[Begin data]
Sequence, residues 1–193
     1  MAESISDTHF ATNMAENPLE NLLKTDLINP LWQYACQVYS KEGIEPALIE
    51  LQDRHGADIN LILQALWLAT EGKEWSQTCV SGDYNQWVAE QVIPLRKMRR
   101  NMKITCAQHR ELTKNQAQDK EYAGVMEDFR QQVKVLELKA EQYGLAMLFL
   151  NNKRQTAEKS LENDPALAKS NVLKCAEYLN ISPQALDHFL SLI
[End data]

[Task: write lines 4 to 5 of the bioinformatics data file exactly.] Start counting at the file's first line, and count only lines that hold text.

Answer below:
   101  NMKITCAQHR ELTKNQAQDK EYAGVMEDFR QQVKVLELKA EQYGLAMLFL
   151  NNKRQTAEKS LENDPALAKS NVLKCAEYLN ISPQALDHFL SLI